Spike the Remote Eater And Open Forum

When we brought him home for a Christmas gift for my wife, I thought I had a “laid back” dog who would be sweet and gentle.  WRONG!!  He is a foot tall, ball of terror, I mean, “terrier.”  Yesterday while we were preparing supper, the crazy dog chewed the remote control to our DVD player.  To say the least I was beside myself.

After my reaction, he would not even get around me for the next day.  I put him in his crate and would not have let him out for a much longer time, but my son came to his rescue.  Anyay, pray for the dog and me.  If he chews up one more thing, he may have to eat it.

On a more serious note, please pray for my class that begins Sunday.  It’s the open forum class I spoke about several blogs ago.  The first question asked is, “How do we determine what is cultural and what is not in the scriptures?”  In order to deal with that and other questions, I’m going to begin with looking at how we view the scriptures.  I am reading “How to Read the Bible for All It’s Worth”  by Gordon Fee and Douglas Stuart.  It’s really going to be a great help.  I hope to blog some aout it next week.  Thanks for your prayers blog family.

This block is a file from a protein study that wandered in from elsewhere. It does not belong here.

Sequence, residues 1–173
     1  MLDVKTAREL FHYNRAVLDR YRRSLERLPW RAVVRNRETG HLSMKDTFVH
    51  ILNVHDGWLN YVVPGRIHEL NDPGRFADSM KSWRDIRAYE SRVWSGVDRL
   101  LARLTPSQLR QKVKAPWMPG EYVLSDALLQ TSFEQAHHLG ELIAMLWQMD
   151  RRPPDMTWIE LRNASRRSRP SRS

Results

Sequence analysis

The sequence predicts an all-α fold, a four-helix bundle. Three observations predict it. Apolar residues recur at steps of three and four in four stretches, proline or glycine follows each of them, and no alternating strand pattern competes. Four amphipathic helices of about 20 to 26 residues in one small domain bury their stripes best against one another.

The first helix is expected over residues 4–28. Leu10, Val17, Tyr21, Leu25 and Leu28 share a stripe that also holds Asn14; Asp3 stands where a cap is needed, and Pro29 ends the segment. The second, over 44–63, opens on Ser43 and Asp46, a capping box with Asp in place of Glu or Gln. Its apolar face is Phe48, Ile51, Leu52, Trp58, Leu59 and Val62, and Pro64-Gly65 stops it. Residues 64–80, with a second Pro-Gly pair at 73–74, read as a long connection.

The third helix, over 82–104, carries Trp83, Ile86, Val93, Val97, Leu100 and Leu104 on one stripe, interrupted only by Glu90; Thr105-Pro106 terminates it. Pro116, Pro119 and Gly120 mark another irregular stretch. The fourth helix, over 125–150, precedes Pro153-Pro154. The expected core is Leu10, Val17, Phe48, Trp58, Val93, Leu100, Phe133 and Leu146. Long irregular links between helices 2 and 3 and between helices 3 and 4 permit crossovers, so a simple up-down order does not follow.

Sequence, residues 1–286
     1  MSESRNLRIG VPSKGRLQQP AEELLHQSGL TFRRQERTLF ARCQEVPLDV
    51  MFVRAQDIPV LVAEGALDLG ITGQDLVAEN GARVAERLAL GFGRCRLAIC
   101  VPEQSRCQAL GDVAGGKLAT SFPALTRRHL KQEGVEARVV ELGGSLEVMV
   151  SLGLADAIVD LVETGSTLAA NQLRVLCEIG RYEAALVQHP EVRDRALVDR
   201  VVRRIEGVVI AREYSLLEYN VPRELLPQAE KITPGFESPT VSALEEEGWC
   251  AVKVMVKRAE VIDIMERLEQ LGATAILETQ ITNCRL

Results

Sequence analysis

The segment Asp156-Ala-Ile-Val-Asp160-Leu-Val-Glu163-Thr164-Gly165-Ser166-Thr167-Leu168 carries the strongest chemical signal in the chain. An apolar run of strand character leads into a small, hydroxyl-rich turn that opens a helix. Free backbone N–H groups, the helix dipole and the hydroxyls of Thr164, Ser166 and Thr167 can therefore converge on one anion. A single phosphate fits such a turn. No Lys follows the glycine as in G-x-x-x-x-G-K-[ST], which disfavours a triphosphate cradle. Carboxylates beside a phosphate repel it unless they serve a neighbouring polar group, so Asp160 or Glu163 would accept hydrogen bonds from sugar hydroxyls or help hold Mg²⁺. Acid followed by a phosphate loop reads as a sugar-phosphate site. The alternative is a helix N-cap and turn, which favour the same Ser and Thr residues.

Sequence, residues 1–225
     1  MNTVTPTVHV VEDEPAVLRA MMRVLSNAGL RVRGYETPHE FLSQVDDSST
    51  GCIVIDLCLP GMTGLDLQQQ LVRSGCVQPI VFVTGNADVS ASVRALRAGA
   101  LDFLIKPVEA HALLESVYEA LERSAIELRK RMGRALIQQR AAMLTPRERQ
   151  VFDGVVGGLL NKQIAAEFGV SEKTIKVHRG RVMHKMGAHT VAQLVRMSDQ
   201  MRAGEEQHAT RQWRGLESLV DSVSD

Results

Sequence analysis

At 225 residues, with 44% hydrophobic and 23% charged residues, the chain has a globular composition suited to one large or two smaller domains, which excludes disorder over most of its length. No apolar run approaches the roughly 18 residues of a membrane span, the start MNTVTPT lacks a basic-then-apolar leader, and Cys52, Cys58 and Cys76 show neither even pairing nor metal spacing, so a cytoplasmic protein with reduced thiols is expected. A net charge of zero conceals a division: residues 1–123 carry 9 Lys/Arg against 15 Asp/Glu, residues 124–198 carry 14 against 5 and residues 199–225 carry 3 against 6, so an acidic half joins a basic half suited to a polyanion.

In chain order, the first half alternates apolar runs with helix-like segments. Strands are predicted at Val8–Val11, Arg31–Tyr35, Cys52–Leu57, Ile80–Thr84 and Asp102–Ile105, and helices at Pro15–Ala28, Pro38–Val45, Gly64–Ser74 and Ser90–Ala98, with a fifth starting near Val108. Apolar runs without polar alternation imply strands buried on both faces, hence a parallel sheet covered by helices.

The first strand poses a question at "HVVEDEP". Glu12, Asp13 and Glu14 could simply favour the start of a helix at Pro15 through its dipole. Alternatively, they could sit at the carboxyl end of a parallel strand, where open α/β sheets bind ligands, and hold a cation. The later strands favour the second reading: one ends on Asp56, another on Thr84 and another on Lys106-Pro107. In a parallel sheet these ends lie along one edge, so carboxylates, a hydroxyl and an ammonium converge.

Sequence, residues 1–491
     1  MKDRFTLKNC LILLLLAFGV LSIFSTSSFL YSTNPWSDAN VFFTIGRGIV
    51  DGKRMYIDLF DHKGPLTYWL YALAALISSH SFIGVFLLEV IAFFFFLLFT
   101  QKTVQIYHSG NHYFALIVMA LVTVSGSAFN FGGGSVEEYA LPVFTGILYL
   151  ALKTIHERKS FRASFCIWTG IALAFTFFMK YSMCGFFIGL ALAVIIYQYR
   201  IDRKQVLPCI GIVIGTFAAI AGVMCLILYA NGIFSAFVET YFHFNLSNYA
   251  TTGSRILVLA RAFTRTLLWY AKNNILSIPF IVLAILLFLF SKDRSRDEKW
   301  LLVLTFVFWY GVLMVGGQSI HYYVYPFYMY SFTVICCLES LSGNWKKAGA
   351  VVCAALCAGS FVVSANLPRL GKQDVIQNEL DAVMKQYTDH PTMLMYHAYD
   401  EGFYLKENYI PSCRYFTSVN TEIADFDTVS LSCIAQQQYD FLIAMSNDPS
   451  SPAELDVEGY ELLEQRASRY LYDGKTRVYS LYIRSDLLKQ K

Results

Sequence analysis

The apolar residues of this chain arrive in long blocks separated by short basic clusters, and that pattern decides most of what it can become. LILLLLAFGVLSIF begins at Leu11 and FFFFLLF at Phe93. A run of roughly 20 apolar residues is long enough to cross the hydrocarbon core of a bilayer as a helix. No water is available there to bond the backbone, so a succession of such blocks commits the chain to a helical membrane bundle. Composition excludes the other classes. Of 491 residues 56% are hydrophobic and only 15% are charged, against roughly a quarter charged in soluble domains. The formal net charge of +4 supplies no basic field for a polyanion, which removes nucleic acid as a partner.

7 responses to “Spike the Remote Eater And Open Forum

  • Greg England

    That’s a great read, by the way! Discovered that book 20+ years ago and have read it several times, and taught a class using it as a text as well. You’ll do fine at Creekside. Start with something simple, such as women keeping silent and then work up to the really difficult issues such as whether or not the “wine” of Scripture is fermented or not. 🙂

  • preacherman

    Believe me dog doesn’t taste good. I had some chinese food last week and didn’t set well with me. The resturaunt was named ding huaw: which means stupid dog in chinese. I had no idea.